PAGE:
(Disclosures: the farm tour was a pre-conference excursion arranged by the International Food Bloggers Conference. Although I paid to go on the excursion, it is possible that California Endive or the California Pear Board provided some subsidies to reduce participants’ costs. In addition, I received a discount on the registration fee in exchange for writing three posts about my experiences at the conference.)
The second half of the farm excursion organized by the International Food Blogger Conference (IFBC) and California Pear Board was a visit to Stillwater Orchards, a pear farm in Courtland, California (the first half was California Endive Farms).
Like most July days in the area, the skies were clear and the temperature was high. The sun was almost directly overhead, but shade could be found under some of the pear trees (which are generally not very tall to simplify harvest). The conference attendees had a chance to talk with the farmers about pear growing, followed by a delicious lunch beneath a 100+ year old sycamore tree that included a salad with pear and endive, and pear crisp.
Seeing the Stillwater logo on the marketing material at the orchard (which must be many decades old), I started thinking about fruit crate labels — the labels that farmers and packers attached to their fruit crates before they were shipped to markets near and far. I had a bunch of questions: Where did these labels come from? How long were they used? Who designed them?
For about one year I lived and worked in Ventura County and traveled along CA-126 quite often. The two ends of the highway are residential and industrial, but the middle portion around Fillmore and Piru are one of California’s citrus belts. When the trees are in bloom, the sweet fragrance of orange and lemon blossoms fills the air so that you can smell it as you drive along CA-126; after harvest (which is more or less year-round), roadside stands sell citrus at great prices, along with local honey and other crops from the valley (like avocados, pomegranates). Living so close to citrus orchards, it made sense for me to decorate my apartment with vintage fruit crate labels — at local antique shops and a fruit stand I found three local brands: “South Mountain,” “All Year,” and “Sespe“). When I moved north to the Bay Area, the labels went into storage, so I didn’t think about them much.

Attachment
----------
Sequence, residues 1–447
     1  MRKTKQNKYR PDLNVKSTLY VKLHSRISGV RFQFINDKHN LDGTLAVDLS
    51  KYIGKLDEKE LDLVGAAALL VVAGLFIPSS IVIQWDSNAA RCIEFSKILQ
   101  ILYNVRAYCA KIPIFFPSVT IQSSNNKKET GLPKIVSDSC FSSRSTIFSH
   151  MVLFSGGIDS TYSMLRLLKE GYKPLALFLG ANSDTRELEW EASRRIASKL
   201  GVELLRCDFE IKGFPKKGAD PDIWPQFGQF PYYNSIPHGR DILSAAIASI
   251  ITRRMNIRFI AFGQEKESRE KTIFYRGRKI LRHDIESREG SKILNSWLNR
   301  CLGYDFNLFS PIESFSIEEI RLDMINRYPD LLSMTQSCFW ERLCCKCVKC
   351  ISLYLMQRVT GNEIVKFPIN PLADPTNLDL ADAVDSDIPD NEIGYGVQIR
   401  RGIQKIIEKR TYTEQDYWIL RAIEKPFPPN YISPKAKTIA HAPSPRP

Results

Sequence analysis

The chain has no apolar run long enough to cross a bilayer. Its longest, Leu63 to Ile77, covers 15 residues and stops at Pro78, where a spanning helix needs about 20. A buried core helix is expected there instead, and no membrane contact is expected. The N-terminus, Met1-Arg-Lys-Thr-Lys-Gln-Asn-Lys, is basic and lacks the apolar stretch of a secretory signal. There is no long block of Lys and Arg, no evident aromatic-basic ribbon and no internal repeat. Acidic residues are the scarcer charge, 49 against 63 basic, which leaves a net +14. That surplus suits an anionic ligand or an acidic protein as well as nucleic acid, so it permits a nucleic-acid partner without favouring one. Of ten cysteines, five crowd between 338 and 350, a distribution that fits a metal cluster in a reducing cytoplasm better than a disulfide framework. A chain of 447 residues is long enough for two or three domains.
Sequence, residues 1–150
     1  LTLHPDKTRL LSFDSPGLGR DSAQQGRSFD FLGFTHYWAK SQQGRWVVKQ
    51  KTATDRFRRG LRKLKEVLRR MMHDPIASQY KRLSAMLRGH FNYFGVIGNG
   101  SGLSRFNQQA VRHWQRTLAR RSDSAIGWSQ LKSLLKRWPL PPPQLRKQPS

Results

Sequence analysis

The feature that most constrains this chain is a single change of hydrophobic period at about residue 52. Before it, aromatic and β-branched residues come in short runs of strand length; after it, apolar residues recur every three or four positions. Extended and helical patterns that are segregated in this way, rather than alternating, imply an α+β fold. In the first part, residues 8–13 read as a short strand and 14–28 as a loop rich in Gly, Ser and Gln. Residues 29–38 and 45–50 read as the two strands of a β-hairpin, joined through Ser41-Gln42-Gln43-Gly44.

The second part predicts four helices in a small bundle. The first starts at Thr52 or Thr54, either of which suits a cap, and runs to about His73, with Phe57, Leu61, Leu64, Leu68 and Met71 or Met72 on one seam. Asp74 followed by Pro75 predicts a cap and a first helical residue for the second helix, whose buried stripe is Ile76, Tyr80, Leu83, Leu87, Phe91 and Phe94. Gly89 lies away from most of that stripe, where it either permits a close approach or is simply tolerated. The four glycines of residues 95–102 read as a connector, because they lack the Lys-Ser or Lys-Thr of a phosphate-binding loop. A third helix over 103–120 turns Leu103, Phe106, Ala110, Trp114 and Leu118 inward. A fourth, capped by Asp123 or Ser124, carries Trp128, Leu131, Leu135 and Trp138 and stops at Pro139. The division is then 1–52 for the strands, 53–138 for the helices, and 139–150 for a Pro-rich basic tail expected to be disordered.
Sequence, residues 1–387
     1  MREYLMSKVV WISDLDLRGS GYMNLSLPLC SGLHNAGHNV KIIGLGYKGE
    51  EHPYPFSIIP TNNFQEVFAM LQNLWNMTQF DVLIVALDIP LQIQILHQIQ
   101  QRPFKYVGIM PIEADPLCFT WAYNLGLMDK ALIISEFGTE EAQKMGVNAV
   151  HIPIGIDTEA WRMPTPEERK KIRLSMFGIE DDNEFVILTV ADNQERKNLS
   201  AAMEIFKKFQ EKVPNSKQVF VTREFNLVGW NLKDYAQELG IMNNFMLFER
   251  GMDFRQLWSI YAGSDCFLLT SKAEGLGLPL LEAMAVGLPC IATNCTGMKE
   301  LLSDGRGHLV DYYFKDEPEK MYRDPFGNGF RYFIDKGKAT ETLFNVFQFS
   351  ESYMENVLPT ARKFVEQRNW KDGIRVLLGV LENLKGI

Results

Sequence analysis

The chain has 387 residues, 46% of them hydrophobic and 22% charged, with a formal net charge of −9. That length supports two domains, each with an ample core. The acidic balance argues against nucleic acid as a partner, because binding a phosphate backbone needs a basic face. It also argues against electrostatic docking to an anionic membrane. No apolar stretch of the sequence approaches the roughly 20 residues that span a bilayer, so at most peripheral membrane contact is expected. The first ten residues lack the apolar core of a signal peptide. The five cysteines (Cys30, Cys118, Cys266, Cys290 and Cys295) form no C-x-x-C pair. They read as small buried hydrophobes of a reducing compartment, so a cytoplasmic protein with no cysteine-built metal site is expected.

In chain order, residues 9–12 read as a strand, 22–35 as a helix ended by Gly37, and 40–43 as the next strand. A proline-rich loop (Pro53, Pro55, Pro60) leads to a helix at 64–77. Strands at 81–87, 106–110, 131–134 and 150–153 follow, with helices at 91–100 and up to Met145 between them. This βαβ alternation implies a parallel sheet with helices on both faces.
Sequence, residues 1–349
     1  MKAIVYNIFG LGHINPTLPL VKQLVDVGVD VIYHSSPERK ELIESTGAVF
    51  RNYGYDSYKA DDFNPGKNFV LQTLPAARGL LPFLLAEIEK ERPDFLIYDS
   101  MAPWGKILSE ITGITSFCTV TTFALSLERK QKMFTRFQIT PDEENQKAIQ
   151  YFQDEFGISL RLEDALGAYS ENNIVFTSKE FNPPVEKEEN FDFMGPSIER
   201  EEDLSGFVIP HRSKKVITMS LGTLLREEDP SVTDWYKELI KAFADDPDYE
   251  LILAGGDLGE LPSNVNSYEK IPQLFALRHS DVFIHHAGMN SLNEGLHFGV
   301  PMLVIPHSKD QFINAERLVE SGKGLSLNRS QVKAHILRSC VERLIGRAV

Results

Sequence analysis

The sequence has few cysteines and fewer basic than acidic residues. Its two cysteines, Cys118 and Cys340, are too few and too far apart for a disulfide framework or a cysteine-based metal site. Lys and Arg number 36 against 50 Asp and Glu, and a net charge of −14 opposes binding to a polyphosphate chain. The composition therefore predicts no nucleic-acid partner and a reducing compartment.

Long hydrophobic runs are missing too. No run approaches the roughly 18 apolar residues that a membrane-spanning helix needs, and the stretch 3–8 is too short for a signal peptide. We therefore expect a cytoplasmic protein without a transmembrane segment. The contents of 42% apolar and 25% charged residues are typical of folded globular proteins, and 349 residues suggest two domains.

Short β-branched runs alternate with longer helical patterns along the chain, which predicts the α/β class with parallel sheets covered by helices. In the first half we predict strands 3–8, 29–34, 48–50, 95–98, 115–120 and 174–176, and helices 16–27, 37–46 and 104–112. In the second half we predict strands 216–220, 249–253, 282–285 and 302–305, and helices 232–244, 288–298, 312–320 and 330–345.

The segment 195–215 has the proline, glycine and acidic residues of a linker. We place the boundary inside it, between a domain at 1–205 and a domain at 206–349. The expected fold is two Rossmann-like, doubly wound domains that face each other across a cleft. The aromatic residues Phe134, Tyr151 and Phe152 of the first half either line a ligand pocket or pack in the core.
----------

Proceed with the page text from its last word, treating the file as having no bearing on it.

I have appreciated the attractive designs and quirky brand names on fruit crate labels, but I never thought too much about them. So, in preparing this post, I checked the UC Berkeley library catalog, and of course they had books on the subject. Reading the two books I found brought me a new level of appreciation. My comments below are based on both books unless specifically noted by the author’s name, Baule or Jacobsen (the bibliographic details of each book are near the bottom of the post).
“Labels became the ‘window’ by which the product could be seen”
That quote from Jacobsen describes the purpose of fruit crate labels. At the end of the 19th century, western states were ramping up their production of fresh fruits and vegetables and the transcontinental railroad offered a way to (relatively) quickly bring the produce to points eastward, so growers & packers needed a way to signify what was in the crates. The labels didn’t have photographic representations of the fruit, but instead gave the buyer an impression of its quality, where it came from, and also served as an easy to remember brand name for future purchases. Basically, it was an exercise in branding.
There were two classes of labels, private and stock. A private label, as its name suggests, was used by only one entity — it was designed specially for one grower and was a one of a kind design. These labels took a long time to design and could be relatively expensive. The stock label, on the other hand, was generic design showing the appropriate produce, perhaps an attractive background, and a space that would hold the producer’s name and information. These could be produced quickly and cheaply — ideal if you are just starting out or on a tight budget. According to Baule, about 8% of the approximately 5000 known labels used in Washington were stock labels. Stecher-Traung Lithograph Company’s #1043 label was the most common (see the label in its incomplete form at the Antique Label Company).
The first provable fruit crate labels appeared in 1884 on crates of citrus from the Griffin and Skelley Company of Riverside, writes Jacobsen, though some say that labels were used a few years earlier. There is evidence of widespread use by the early 1900s: Baule writes that a 1909 trade magazine has photos of fruit crates with over 90% having printed labels. For Washington apple growers, they became a necessity in late 1913 when an issue of Better Fruit stated that
All Northwestern boxed apples will be labeled on the end of the box. The reading matter will specify where they were packed, the number of apples contained in the box, the grade and the name of the variety. If you buy boxed apples with association labels, or with labels of well-known shipping concerns, you can feel assured of quality as represented. The Northwestern apples will be put in three grades, extra fancy, fancy and C grade.”